Insights into Aviation’s Senior Aviation Professional

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The below () RunwayGirlNetwork article captures some of the requirements of the Associate Administrator for Aviation job and some of the attributes of the current occupant, Margaret Gilligan a/k/a Peggy. She is indeed both a cheerleader and a den mother, but there is a lot more to this dedicated public servant.

She may posture herself as a “cheerleader” of the industry and its remarkable recent safety performance. However, much of the credit for moving her organization from a Tombstone Agency (credit for the term: Mary Schiavo ) to a proactive organization had much to do with Ms. Gilligan’s leadership. The staff she inherited thrived on watching the airplanes and airlines, which they regulated, and then they would take action (i.e. react). The positions of the FAA safety jobs were labeled aviation inspector or principal operations inspector. She realized it is difficult, if not impossible, to effectively control a moving target. She resigned a different paradigm which moved the point of action away from the past.

Peggy saw that the future had to do with numbers. The cybermetrics, which business and sports tout as their primary tools, had applicability to aviation safety. The FAA began to capture hundreds of thousands of data points and run them through statistical analyses; from those relevant numbers the regulators and industry could predict from whence the mechanical, operational, engineering problems were going to occur. The new methodology allowed aviation to become more proactive.

Yes, Peggy is a den mother in that she has to encourage her organization to try new methods. Congressional oversight and inadequate management powers have limited her ability to command her staff to do this or that. She has to use her ability to persuade, which she hone while a lawyer, to get her 7,000+person organization to try new things.

It can be said that this first female leader of the FAA’s old boy network is a pathfinder with few role models whom she can follow. Enough said.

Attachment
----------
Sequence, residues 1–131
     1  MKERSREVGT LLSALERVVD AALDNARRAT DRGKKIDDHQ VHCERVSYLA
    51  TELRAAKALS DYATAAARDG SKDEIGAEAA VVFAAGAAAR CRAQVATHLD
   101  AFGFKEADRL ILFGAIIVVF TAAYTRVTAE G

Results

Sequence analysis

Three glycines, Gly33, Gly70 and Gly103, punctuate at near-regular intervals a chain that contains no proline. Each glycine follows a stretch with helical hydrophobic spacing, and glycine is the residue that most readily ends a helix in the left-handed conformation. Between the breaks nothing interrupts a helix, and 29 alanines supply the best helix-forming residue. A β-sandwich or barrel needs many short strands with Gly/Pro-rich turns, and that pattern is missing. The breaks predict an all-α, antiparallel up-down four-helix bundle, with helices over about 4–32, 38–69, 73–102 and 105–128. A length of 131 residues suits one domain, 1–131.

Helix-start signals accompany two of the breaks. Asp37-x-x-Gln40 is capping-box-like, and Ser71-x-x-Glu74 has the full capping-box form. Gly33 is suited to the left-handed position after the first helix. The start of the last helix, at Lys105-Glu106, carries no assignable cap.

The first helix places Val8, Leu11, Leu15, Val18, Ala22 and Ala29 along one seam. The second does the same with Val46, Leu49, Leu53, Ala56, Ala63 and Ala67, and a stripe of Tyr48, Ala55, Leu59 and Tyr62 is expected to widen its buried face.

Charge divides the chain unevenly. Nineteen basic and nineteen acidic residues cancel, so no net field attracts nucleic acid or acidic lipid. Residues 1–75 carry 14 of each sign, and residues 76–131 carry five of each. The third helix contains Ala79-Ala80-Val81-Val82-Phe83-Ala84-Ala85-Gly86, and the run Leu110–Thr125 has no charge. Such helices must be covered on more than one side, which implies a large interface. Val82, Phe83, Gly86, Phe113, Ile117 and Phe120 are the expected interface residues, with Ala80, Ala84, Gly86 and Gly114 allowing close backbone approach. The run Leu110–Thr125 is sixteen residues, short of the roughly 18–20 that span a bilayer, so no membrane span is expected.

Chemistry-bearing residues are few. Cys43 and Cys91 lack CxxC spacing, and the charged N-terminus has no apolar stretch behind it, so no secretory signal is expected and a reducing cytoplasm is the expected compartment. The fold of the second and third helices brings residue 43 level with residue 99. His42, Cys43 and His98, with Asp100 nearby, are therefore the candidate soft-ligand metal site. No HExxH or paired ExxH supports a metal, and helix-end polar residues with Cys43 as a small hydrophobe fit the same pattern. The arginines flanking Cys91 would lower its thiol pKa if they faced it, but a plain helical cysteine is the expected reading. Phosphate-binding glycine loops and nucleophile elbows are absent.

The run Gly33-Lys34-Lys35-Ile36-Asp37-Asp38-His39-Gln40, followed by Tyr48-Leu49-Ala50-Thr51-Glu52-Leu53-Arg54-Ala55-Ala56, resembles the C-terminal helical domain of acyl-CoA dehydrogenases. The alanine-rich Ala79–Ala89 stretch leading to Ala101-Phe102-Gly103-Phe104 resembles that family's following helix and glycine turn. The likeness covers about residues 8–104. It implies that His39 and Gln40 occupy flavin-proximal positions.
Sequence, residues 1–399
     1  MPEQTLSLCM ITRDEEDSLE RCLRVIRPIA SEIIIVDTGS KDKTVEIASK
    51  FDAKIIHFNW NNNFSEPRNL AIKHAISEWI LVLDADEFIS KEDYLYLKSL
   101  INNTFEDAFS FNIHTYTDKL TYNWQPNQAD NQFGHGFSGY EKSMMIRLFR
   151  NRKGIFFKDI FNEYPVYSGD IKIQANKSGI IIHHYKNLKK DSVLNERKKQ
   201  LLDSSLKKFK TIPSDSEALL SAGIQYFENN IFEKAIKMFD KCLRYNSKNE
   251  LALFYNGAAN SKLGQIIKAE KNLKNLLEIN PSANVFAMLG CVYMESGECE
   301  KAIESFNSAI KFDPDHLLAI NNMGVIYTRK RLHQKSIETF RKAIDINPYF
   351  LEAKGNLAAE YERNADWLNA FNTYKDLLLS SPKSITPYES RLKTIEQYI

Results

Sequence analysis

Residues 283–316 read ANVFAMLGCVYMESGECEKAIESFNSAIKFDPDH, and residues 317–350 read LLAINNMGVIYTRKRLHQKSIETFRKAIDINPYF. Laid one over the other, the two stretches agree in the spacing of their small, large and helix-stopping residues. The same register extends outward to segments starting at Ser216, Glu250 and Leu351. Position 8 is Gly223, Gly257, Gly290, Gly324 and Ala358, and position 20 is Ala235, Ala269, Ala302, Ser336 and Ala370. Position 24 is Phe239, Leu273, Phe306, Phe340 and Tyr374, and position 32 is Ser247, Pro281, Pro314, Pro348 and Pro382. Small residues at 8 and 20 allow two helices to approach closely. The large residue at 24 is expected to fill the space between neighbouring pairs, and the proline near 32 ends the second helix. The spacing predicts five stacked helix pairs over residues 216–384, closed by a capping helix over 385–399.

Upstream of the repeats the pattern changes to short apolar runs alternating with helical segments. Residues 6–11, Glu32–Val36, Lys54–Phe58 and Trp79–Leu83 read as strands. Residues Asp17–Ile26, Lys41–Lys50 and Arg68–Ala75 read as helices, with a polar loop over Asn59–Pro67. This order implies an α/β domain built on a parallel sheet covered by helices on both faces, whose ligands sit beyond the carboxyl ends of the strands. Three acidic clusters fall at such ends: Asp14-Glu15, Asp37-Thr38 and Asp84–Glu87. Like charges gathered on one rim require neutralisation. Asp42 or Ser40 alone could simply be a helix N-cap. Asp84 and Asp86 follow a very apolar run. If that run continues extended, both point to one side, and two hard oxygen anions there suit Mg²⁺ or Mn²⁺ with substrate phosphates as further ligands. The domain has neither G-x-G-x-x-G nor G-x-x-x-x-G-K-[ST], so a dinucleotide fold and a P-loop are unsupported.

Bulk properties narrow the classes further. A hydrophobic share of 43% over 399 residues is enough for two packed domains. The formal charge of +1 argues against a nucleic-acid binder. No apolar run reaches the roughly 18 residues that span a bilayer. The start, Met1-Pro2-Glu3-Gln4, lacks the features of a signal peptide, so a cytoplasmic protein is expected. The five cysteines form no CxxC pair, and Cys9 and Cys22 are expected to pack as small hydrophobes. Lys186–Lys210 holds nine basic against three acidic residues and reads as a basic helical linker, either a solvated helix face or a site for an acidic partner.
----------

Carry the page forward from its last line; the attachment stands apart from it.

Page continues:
Peggy is neither an engineer nor a pilot, which are the preferred professional titles for her field of work. In the absence of a degree or a professional license, Peggy is an excellent learner. Don’t come to her office expecting to bamboozle her with an obtuse technical presentation, the Associate Administrator will punctuate such “smoke and mirrors” with piercing questions. In preparation for the issue, she will absorb and comprehend all of the relevant issues.

During her tenure she has established a reputation as a diplomatic teacher. Her work requires her to interface with political people (Secretaries, DOT Executives, Administrators, fellow FAA senior staff, Members of Congress and their staff) whose knowledge of the technical elements of the FAA’s work is minimal. Peggy has to impart her knowledge to them and do so without insulting them. Also, part of this skill set is to treat some of the incredibly uninformed questions propounded to her at hearings or elsewhere as though they are incredibly knowledgeable and she does so skillfully. Occasionally, Ms. Gilligan is called to fall on her sword when the point of the attack is not within her ambit. Her grace in such situations is remarkable.

Incredible dedication to being the best civil servant; a willingness to work long, hard, stressful hours; humor; a second sense for what is politically acceptable, who matters on the Hill, what phone calls from other Departments and/or other influential people in DC need be answered quickly; how to balance (sort of) work and personal life—all are evident in Ms. Gilligan’s career.

The most notable characteristic of this woman is her integrity. Ask her a question and either she will say she does not know or she will tell you the absolute truth. No weasel words, no misremembering, no compound, complex sentences which after diagramming you are not sure what was said. Peggy places high value on her word and she never risks loss of her integrity.

In summary, we, as aviation safety professionals and as frequent flyers, should be very pleased that Ms. Gilligan’s history of hard work, high performance, positive attitude and smarts merited her attaining the position most likely to enhance safety.

She’s also a very nice person.

ARTICLE: FAA safety official is part cheerleader and part den mother

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1 Comment on "Insights into Aviation’s Senior Aviation Professional"

  1. Agree wholeheartedly, Peggy is and has been first class.

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